A replacement for Mickey Mantle in the later innings of Yankee games, Reed had a career batting average of .233 through 222 games.

In his “Ward to the Wise” column in the New York Daily News on April 18, 1963, Gene Ward highlighted Reed, with the subtitle “The Unknown Yankee.”  “It doesn’t seem possible a man can play with the Yankees and remain an unknown,” wrote Ward.  “But the 30-year-old Reed, in his 10th year with the organization, is unknown only in the sense that kids don’t gang up on him for autographs and his name isn’t emblazoned in headlines.  He never has been a regular, although he appeared in 88 games last year, compiling a .302 BA, and his chances to play come only when Mantle or Maris turn up ailing.

“But as far as the Yankee brass is concerned, and [Yankee manager Ralph] Houk in particular, Reed is a known and valuable quantity.”

Indeed, Houk offered high praise about Reed’s baseball skills.  Intangibles received equal acclaim.  “He’s a college graduate and highly intelligent.  He likes to talk baseball.  I never receive bad reports on him and he never gripes.  He’ll pitch batting practice and he’ll take second infield,” said the Yankees skipper.

Reed’s dedication was apparent.  Ward quoted, “It’s a privilege to work for an organization like this and to play under a man like Mr. Houk,” said the man who wore #27 in pinstripes.

Five years after Reed homered into baseball history, Joe Falls of the Detroit Free Press revealed that the marathon game’s seven-hour length benefited from a slight nudge.  As the game’s official scorer, Falls held the power to change history.  And so he did.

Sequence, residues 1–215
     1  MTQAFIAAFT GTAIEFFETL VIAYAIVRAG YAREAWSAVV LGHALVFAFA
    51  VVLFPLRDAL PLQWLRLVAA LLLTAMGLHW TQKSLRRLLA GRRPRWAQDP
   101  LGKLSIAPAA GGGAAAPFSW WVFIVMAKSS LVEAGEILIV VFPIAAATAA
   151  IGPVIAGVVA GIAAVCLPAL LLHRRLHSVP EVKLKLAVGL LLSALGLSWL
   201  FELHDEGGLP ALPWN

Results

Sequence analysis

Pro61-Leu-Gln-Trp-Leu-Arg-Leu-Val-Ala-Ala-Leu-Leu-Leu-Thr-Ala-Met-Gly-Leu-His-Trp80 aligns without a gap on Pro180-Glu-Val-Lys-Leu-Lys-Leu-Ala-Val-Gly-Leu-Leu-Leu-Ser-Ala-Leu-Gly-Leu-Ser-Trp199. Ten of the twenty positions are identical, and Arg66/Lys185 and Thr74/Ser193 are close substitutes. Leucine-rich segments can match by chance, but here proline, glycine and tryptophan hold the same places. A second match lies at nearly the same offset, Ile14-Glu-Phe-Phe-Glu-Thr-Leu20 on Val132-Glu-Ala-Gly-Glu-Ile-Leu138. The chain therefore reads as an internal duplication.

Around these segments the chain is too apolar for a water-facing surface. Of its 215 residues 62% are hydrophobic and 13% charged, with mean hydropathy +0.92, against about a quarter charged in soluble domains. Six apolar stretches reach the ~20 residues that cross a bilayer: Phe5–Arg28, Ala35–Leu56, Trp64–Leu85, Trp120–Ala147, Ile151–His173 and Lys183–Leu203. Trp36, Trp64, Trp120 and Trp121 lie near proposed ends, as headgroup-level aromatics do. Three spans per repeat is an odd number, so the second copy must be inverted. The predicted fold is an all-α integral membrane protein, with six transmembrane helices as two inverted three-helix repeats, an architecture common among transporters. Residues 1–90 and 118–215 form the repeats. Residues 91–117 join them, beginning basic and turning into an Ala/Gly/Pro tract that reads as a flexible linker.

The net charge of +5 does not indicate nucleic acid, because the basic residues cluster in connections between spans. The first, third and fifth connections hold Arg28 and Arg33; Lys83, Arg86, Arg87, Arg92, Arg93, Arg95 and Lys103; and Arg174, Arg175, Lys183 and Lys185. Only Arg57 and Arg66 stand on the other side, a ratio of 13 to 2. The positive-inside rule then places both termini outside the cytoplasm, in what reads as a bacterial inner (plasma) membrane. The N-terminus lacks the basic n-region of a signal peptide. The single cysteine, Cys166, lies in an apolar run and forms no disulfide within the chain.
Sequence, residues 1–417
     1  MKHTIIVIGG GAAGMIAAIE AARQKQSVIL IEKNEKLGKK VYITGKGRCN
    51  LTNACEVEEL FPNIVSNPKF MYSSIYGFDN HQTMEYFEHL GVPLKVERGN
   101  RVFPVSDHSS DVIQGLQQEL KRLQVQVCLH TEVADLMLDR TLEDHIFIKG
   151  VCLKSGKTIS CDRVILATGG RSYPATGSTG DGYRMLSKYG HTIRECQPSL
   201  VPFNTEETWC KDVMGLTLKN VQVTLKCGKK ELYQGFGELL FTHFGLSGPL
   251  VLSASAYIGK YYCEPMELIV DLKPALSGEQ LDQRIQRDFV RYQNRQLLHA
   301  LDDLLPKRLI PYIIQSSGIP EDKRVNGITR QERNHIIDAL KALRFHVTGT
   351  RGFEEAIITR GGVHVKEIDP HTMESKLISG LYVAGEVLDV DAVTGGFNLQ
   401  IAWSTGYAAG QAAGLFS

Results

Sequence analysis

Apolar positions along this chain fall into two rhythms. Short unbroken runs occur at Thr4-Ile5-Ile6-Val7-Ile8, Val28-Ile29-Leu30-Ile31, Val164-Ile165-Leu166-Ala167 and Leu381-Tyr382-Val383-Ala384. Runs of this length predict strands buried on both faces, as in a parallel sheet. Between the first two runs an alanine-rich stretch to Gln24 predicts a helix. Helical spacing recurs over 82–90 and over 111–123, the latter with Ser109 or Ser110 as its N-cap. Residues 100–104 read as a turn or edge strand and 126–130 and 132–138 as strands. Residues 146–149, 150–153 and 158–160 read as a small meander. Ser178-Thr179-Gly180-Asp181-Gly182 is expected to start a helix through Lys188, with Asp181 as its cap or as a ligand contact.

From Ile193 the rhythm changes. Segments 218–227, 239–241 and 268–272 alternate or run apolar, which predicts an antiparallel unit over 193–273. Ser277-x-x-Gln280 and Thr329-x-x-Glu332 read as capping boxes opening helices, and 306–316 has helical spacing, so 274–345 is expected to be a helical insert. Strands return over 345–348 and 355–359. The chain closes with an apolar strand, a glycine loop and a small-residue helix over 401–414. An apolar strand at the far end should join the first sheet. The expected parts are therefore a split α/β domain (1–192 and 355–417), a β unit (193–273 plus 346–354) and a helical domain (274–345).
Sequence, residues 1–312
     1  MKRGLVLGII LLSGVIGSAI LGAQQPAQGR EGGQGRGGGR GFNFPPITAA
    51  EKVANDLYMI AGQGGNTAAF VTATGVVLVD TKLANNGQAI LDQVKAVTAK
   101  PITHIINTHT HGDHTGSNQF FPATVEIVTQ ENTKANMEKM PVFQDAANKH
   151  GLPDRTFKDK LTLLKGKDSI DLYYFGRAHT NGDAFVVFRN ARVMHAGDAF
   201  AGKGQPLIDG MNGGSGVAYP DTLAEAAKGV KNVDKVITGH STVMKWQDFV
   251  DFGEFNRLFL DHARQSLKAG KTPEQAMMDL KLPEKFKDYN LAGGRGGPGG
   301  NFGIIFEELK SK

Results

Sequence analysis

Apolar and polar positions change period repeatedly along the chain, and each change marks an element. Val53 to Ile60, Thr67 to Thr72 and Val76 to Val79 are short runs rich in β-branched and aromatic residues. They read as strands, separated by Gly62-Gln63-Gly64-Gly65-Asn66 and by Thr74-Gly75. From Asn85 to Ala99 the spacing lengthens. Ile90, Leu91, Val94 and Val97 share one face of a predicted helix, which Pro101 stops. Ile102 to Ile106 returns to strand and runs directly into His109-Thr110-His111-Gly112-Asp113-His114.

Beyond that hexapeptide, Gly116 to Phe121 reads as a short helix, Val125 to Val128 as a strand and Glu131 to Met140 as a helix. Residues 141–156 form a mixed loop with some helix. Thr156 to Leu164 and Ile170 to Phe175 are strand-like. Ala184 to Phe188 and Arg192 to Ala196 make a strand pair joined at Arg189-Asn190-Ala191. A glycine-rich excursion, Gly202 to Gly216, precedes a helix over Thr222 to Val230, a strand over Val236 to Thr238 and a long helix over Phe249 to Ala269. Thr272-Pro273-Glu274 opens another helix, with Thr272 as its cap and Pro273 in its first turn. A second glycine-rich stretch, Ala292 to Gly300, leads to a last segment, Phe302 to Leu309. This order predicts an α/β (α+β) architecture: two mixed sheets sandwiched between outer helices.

In his April 1, 1967 column, subtitled “A Writer Discovers That Fame’s Fleeting,” Falls described looking at the clock after Reed’s dinger—it appeared to show 8:29 p.m., which gave the game a length of six hours, 59 minutes.  “But my clever little mind was still working sharply,” wrote Falls.  “I figured:  ‘Who’ll ever remember 6:59 as the longest game in baseball history.

“So I shouted out the time.  ‘Seven hours!’  All the guys applauded.”

A version of this article appeared on www.thesportspost.com on February 15, 2016.

New Owners in the Bronx

Sunday, February 12th, 2017

During the waning days of World War II, ownership of the New York Yankees transitioned—Dan Topping, Del Webb, and Larry MacPhail grouped to purchase the Yankees on January 26, 1945 from the heirs of Colonel Jacob Ruppert.  $2.75 million changed hands for 86.88 per cent, according to the New York Herald Tribune‘s Rud Rennie, who also reported that team president Ed Barrow sold his 10 per cent interest to the Topping-Webb-MacPhail trio for “an estimated $250,000.”  Ruppert’s brother George, nephew Ruppert Schalk, and niece Anna Dunn owned the remaining 3.12 per cent.

Financial realities for Ruppert’s estate generated the sale.  Rennie wrote, “Ever since Colonel Ruppert died, the sale of the club has been necessary to realize funds for the administration of the estate.  The government’s appraisal of the estate was prohibitive to the sale of the club.  Eventually, the government agreed to use the sale price as the real valuation.”

Topping’s life seems like fodder for a B-movie during the studio system era.  In the Topping biography for the Society for American Baseball Research Baseball Biography Project, Daniel R. Levitt and Mark Armour wrote, “Dan Topping enjoyed a ‘sportsman’ lifestyle we seldom see anymore in America, one founded on inherited wealth, some athletic ability, and active involvement in professional or other sports.  The life also often entailed a playboy youth and multiple attractive socialite wives.  Topping fit the mold perfectly.

Further, Topping added a celebrity factor to his persona when he married ice skating icon Sonja Henie.

Funded by his success in construction, Del Webb diversified his portfolio with his ownership stake in the Yankees, which, in turn, aided his construction projects.  In his 1999 obituary of Webb, A. D. Hopkins of the Las Vegas Review-Journal wrote, “Yankees tickets clinched deals for corporate construction contracts and made Webb a friend to senators with porkbarrel [sic] projects to build.”

MacPhail was a baseball legend by the time he invested in the Yankees.  As General Manager of the Cincinnati Reds, MacPhail introduced night baseball to the major leagues.  During his tenure in the Brooklyn Dodgers’ front office, MacPhail forged an unbreakable link with the fans.